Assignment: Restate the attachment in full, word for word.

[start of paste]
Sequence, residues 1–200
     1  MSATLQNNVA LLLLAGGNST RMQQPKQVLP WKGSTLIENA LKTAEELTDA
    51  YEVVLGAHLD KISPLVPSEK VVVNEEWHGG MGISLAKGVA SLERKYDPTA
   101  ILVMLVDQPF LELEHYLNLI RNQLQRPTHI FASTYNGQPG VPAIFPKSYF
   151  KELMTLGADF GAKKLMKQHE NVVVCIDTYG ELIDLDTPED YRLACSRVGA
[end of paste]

Sequence, residues 1–200
     1  MSATLQNNVA LLLLAGGNST RMQQPKQVLP WKGSTLIENA LKTAEELTDA
    51  YEVVLGAHLD KISPLVPSEK VVVNEEWHGG MGISLAKGVA SLERKYDPTA
   101  ILVMLVDQPF LELEHYLNLI RNQLQRPTHI FASTYNGQPG VPAIFPKSYF
   151  KELMTLGADF GAKKLMKQHE NVVVCIDTYG ELIDLDTPED YRLACSRVGA